ThinkorSwim just released a 7 minute video tutorial on Portfolio Margin. I've seen a few video overviews of PM and this one is probably the best I've seen so far. It's short, but the video presents the main concepts of Portfolio Margin and is reasonably accurate in its content. Kudos to TOS for their effort.
I've updated the list of broker margin rates. A notable surprise was the substantial increase in TradeMonster's margin borrowing rates. I'm not sure exactly what their strategy is here (besides making more money that is), but such a significant change in the margin rate can't be good for Portfolio Margin investors.
I've spent a lot of time talking about the margin rates offered by various on-line brokers and the impact it can have on a trading strategy. Unfortunately, I have yet to find a decent comparison of margin rates across various brokers. While a handful of sites compile this data they are almost always lacking in some critical way (updated infrequently or incomplete in their list of brokers).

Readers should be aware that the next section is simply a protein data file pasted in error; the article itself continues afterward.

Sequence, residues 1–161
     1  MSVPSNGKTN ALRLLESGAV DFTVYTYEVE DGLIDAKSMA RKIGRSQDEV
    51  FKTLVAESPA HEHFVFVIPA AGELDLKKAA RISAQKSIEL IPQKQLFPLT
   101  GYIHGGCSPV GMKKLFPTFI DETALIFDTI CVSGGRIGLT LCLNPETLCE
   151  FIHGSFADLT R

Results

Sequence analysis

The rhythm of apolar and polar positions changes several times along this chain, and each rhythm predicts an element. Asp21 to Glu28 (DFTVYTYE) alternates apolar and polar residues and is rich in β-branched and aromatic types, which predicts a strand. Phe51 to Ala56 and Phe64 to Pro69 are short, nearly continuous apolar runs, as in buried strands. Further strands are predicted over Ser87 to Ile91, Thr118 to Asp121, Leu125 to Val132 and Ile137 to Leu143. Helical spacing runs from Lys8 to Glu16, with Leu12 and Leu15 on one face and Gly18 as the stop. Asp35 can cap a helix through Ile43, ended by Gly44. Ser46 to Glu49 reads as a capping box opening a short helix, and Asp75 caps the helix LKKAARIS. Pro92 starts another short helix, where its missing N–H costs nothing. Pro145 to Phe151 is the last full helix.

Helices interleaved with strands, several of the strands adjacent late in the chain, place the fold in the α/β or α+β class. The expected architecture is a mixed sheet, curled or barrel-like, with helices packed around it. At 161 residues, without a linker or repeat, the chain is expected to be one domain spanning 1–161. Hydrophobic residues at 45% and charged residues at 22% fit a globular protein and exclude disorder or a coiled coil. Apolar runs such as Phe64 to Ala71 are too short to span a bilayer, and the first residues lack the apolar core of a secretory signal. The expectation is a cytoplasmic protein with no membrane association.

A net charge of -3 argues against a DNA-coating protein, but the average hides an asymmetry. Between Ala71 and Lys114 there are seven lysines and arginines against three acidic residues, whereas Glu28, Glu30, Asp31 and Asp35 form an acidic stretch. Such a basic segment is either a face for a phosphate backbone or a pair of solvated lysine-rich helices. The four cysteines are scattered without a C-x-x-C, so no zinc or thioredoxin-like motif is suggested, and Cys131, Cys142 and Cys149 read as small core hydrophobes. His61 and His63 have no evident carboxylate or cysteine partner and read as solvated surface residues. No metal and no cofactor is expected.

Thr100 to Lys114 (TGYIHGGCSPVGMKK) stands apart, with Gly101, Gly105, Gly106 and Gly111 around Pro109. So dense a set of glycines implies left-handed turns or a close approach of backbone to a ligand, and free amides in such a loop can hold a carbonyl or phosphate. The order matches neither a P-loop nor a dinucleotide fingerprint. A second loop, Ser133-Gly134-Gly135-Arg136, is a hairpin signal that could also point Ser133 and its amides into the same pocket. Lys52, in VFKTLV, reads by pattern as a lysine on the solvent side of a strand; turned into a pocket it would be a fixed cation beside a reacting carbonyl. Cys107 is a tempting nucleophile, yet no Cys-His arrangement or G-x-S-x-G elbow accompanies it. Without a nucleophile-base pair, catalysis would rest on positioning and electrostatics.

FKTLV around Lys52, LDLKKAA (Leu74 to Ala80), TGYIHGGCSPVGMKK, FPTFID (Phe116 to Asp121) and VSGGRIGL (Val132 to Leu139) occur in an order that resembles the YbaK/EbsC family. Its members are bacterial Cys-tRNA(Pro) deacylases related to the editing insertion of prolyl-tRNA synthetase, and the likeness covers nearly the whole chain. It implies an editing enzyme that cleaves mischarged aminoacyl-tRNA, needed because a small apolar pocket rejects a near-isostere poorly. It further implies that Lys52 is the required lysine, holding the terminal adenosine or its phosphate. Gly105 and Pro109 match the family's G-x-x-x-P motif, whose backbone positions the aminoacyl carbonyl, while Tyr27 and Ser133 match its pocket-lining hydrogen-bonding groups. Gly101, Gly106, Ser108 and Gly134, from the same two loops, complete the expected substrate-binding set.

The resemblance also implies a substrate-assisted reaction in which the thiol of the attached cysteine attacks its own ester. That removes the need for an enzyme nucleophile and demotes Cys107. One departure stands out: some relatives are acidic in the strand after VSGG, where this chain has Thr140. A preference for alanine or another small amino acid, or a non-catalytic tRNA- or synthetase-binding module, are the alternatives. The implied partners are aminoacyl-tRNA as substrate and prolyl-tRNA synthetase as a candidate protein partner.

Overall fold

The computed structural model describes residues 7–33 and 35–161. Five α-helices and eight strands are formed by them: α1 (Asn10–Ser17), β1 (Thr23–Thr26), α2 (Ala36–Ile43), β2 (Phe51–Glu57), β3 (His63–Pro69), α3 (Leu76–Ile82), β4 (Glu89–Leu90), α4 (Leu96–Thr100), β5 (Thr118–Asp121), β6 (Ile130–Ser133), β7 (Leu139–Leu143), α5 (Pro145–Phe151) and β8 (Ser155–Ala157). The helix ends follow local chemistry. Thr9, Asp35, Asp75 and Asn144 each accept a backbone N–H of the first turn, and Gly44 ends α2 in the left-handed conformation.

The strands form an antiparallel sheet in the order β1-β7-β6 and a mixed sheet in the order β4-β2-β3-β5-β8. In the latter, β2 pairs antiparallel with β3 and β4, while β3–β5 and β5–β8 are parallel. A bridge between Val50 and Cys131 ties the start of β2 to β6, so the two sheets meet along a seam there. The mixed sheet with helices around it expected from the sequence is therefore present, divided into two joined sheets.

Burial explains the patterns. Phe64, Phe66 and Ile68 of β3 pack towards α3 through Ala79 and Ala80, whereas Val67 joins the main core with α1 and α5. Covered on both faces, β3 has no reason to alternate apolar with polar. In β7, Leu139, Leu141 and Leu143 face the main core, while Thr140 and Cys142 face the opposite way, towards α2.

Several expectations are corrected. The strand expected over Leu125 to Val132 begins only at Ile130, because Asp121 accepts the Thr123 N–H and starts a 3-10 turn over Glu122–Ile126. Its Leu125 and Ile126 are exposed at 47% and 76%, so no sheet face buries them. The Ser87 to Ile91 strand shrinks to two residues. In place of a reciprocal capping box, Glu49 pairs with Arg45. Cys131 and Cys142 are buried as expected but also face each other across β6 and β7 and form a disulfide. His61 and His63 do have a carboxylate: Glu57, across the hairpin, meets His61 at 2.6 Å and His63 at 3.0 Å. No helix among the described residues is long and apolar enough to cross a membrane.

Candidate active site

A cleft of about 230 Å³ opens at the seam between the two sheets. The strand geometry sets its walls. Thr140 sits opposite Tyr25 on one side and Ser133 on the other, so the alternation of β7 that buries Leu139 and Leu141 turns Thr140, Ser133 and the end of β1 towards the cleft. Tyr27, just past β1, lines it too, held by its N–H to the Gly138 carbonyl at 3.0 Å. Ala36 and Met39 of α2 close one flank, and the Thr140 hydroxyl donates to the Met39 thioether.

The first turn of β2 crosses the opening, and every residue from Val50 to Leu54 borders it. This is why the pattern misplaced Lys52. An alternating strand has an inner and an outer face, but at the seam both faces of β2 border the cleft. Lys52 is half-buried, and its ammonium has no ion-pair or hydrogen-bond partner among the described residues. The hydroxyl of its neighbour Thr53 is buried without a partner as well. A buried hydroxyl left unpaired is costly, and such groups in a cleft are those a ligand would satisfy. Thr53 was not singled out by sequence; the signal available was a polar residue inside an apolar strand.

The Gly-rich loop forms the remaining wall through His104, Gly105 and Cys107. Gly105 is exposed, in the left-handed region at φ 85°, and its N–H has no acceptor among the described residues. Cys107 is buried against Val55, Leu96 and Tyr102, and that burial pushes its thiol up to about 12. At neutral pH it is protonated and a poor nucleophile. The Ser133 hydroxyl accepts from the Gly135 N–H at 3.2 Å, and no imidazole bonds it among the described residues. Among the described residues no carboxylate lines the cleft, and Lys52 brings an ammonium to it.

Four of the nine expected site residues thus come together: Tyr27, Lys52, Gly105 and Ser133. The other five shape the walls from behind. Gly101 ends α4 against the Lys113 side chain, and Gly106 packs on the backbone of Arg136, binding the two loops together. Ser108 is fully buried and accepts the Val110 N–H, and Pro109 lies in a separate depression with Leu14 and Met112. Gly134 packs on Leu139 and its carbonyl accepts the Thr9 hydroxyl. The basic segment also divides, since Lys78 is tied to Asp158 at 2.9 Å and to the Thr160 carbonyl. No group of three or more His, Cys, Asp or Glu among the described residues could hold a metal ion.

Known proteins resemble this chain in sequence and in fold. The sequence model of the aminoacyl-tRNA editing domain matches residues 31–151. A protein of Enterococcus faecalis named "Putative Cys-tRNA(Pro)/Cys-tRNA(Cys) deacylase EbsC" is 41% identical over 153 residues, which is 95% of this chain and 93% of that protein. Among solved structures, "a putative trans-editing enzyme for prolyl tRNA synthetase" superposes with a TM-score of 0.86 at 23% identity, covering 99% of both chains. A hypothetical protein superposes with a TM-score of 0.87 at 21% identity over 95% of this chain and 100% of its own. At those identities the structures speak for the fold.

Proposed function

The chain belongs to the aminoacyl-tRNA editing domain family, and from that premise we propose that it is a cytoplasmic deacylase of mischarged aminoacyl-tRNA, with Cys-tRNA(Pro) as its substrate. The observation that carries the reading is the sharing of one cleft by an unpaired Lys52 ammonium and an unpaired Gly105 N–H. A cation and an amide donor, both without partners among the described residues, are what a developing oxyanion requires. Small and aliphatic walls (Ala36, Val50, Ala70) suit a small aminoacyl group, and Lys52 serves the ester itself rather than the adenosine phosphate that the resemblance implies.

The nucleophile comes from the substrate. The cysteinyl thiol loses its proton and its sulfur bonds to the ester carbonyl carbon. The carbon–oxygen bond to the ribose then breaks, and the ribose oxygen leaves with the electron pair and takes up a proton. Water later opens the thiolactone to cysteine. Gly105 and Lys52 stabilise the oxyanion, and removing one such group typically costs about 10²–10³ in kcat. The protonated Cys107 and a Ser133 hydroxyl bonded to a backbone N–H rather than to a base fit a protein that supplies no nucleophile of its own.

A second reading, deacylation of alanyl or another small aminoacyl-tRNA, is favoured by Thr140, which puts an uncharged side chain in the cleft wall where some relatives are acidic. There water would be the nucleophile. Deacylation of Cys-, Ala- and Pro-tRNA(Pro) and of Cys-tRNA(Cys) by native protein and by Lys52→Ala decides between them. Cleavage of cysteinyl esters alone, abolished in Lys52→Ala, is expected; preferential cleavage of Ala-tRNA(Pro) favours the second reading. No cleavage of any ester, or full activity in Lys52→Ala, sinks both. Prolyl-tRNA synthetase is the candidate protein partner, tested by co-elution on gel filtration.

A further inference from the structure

So, I've created a new page on The Margin Investor site with an updated comparison of broker margin rates.
The chart below illustrates margin rates for a small brokerage account. It continues to surprise me just how how much variability there is between different brokers.
See here for the full list.
Dividend Yield focused strategies have become increasingly popular among investors seeking to enhance the cashflow and income generated by their portfolio. Much of the interest in this strategy is driven by a lack of sufficient investment opportunities in bond markets. Simply put, bond yields are far too low to warrant meaningful attention from income driven investors.